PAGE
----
The collision with an oil tanker early Thursday morning happened just north of Bergen.
The crew of 137 are all evacuated from KNM Helge Ingstad, the Joint Rescue Coordination Center of Southern Norway informs. Eight of the crew members have minor injuries, but are all safe, the Norwegian Navy informed at a press conference.
The frigate is taking on lots of water, nearly to the point of capsizing, and the danger of sinking is acute.
Weather in the area is good and the frigate is on ground just by the shore. Like other naval vessels on duty, the frigate carries weapons, like missiles, torpedoes and depth charges.
The Aframax tanker Sola TS, is not in danger and no oil spill is reported from the tanker. There are some 625,000 barrels of crude oil on board.
The collision occurred just after 4 AM Norwegian time, as the frigate was en route back to Haakonsvern naval base near Bergen (southwest Norway) after participating in the NATO exercise Trident Juncture. The exercise ended on November 7th.
At the time of collision, it was still dark.
KNM Helge Ingstad (F313) is one of the Norwegian navy’s five frigates of the Fridtjof Nansen class. The warship was launched in November 2007. The 134-meter-long vessel weighs 5,290 tons with a full load. The ship is named after the famous Norwegian Arctic explorer, like the other four frigates in the Norwegian navy.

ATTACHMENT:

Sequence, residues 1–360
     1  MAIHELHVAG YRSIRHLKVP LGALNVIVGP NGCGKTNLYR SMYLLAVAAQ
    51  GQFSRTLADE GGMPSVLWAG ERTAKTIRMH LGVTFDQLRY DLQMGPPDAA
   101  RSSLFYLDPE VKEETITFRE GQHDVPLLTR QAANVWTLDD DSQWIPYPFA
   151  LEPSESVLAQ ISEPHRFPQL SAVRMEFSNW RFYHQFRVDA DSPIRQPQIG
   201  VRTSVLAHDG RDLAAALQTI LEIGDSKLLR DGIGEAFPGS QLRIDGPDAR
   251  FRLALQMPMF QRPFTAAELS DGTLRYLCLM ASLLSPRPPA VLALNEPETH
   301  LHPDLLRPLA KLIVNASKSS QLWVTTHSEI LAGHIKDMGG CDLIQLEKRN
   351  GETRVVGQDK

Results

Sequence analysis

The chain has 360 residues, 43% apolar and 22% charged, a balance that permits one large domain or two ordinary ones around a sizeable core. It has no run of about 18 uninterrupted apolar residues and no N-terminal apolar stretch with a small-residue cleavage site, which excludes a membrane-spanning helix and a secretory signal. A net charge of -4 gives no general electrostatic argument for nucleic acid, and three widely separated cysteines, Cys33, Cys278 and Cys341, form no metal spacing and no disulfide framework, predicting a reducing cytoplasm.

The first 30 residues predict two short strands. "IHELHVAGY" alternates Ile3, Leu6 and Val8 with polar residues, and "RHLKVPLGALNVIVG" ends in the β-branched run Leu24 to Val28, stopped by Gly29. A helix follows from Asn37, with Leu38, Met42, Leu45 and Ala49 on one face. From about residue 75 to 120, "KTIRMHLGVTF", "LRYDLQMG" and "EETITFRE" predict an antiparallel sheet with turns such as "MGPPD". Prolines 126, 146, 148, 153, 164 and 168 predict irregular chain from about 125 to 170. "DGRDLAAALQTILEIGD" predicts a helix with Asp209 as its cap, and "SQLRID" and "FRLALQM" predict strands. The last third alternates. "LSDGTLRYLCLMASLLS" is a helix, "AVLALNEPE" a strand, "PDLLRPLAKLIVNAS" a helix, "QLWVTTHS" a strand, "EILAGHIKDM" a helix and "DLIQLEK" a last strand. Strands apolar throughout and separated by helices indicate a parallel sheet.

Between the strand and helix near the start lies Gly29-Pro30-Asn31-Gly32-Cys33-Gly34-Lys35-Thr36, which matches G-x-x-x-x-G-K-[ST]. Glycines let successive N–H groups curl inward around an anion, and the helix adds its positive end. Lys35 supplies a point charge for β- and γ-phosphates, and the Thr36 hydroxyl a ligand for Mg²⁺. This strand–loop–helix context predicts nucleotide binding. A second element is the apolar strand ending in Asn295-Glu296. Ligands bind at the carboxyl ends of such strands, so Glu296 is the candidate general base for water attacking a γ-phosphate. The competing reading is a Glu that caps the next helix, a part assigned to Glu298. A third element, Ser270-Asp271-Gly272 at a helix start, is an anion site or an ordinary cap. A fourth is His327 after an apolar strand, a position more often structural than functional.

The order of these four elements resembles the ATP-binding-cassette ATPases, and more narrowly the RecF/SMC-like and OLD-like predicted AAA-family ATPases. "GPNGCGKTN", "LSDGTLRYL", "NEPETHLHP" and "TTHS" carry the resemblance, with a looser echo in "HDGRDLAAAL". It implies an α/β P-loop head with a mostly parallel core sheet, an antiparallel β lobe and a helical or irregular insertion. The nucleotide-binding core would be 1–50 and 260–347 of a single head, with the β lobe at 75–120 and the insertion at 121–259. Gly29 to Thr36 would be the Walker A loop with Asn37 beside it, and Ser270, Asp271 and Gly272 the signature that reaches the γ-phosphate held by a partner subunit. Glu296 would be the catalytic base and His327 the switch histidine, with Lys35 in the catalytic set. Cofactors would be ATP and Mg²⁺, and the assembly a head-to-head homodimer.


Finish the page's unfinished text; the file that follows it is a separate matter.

Last year, KNM Helge Ingstad sailed the waters at Svalbard in the Norwegian Arctic and made a port call to Longyearbyen. The ship has also been along the coast of Finnmark (Norwegian Arctic mainland) on several voyages in the Barents Sea.
In 2011, KNM Helge Ingstad made a port call to Severomorsk, the main base of Russia’s Northern Fleet on the Kola Peninsula (northwest).
The tanker Sola TS was sailing from the oil terminal Sture (southwest Norway).
Equinor, which operates the terminal, informs that operations at the terminal are now shut down in accordance with standard security procedures and the only workers still at the terminal are there to maintain safety.
Information about the cause of the collision has yet to be made public. Occurring just outside Sture oil terminal, the accident raises a lot of questions. Here, the shipping is strictly controlled and oil tankers leaving the port are always followed by tugs and pilot.
A third vessel, a tug following the tanker, was near, but not directly involved in the collision.
Related stories from around the North:
Canada: Canada’s transportation safety board to investigate passenger ship grounding in Arctic, Eye on the Arctic
Norway: NATO sending more warships to Northern Norway, The Independent Barents Observer
Russia: Russia’s only aircraft carrier damaged as floating dock sinks, The Independent Barents Observer
Sweden: Oil spill cleanup ongoing in Sweden after freighter runs aground, Radio Sweden
United States: U.S. Congress authorizes six icebreakers in Pentagon bill, Alaska Public Media